Optimizing Your Marketing Communications Mix

money_in_crystalballOn those few occasions when I am in town for a full week or more, I often go through my “archives.” I found this gem tucked away in a folder that was mislabeled. While not earth shattering, it’s worth remembering.

How can you optimize marketing spending in any economy? It depends what you mean by marketing. (Now there’s a typical consultant’s answer.) Since most people who ask that question are referring to the promotion side of marketing, let’s focus there.

To achieve optimum results, you need to be effective and efficient. Effectiveness is doing the right thing. Efficiency is doing things right. An effective message helps the right prospects understand the value of becoming your customer. The wrong message, no matter how efficiently delivered, does no good at its best and damage at its worst. However, if you don’t make your effective marketing messages efficient, you can still spend too much money and suffer a competitive disadvantage.

So, you must first develop an effective message then work on efficiently delivering that message. First do the right thing, then do things right.

Mitch

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Dotcoms, Unicorns, Business Valuation and Dollar Shave Club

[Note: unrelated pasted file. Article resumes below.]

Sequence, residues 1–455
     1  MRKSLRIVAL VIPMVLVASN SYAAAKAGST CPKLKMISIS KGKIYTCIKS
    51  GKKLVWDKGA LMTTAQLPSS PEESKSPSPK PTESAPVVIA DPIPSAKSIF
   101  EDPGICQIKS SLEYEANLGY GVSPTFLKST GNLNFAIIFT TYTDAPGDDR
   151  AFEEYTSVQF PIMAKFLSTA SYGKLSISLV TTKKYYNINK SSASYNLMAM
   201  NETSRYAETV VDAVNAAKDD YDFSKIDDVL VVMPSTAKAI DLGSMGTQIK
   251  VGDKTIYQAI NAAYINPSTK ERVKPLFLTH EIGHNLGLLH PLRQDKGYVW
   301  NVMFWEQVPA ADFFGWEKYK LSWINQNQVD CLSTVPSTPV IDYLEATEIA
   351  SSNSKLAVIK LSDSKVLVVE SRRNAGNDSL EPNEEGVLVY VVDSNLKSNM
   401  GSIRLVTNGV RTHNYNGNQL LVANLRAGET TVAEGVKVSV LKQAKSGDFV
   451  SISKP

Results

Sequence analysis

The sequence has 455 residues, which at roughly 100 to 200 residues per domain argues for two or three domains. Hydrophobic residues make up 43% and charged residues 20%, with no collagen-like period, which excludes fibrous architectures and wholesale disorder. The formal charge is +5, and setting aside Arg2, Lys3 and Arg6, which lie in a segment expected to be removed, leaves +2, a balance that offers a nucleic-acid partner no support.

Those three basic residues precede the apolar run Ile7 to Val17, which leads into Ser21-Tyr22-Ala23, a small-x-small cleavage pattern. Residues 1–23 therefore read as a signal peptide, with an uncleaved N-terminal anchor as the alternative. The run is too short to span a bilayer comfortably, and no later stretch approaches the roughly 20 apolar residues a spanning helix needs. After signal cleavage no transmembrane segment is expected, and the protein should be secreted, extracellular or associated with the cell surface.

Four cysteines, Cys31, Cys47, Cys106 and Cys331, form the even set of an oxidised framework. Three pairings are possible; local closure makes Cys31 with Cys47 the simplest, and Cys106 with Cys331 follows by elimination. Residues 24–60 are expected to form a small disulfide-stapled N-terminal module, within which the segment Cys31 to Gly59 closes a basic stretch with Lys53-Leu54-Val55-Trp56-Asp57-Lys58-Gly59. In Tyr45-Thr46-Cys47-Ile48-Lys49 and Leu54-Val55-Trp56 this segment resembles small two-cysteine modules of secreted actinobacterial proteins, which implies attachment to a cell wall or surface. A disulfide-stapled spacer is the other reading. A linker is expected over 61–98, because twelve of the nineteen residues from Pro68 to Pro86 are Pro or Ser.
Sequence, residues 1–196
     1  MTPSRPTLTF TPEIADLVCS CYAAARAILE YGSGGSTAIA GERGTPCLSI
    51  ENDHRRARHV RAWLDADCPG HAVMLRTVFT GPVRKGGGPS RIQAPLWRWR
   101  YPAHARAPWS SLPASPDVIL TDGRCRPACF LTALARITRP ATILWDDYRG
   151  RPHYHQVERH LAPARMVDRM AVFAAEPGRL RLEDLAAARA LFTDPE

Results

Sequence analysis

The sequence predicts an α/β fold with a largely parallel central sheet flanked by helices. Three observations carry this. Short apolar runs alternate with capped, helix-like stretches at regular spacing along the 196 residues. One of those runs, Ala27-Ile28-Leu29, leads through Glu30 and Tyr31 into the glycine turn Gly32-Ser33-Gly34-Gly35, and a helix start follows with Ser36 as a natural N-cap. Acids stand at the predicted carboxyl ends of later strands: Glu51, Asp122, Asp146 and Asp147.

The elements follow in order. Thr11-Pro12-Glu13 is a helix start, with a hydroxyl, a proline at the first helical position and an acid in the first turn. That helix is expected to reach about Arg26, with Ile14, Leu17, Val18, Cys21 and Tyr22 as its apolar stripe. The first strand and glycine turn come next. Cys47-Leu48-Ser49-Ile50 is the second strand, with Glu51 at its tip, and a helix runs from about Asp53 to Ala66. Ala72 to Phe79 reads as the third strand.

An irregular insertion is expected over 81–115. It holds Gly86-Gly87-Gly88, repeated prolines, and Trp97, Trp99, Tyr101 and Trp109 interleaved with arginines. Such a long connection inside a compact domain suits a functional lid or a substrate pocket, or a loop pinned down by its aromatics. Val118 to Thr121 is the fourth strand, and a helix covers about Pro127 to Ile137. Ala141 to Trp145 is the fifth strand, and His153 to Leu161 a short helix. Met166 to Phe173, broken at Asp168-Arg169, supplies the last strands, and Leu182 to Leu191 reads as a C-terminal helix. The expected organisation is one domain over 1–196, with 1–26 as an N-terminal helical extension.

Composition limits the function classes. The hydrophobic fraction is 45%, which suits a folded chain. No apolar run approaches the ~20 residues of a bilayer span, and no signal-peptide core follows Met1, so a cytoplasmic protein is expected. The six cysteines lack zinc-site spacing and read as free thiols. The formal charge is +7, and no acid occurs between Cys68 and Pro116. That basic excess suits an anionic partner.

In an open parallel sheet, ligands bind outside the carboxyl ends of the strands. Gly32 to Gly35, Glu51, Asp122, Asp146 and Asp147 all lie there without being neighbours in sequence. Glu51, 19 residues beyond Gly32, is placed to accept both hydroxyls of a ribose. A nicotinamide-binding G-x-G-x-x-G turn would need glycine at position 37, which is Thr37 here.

dollarshaveclubYesterday Unilever announced the intended purchase of Dollar Shave Club, an online razor and related men’s items merchant, for $1B. A few years ago I wrote about the hype surrounding this company. I would like to say that I am shocked by the purchase, but not really.

Dollar Shave Club has a self-reported 3.4MM members (up from 200,000 a few years ago). Those members are expected to generate a company projected $240MM in revenue in 2016. This represents about $70/customer. And the company has yet to make a profit, even at these revenue rates. Unilever is paying over $290/customer for the acquisition, plus the site and its position in the market. How does this make any sense?

To be fair, Unilever apparently had been a strategic investor in the company for some time, so it really isn’t costing them $1B, but it is still a LOT of money. How does the Board of Unilever justify spending $290/customer to acquire customers who spend on average $70/year? Is the rest of their revenue production system so bad that they can’t do better than this in other ways? Maybe not.

This deal, like many unicorn deals (start-ups with over a $1B valuation), make no sense to me. However, it may be that short-term revenue is critical to Unilever. They likely believe they can lower the costs of serving these customers. They can increase the customer base more rapidly than Dollar Shave Club has done before. Maybe so, but so what? How many more customers would they need to ever earn a decent return on their $1B investment?

Pressure to grow in the short-term drives too many bad decisions in my opinion. All that being said, congrats to Michael Dubin, the founder of Dollar Shave Club, on the over-priced sale and a contract to continue as CEO.

Mitch

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A Little Less Talk And A Lot More Action … Please

49463974 - less talk more action text concept isolated over white background

49463974 – less talk more action text concept isolated over white background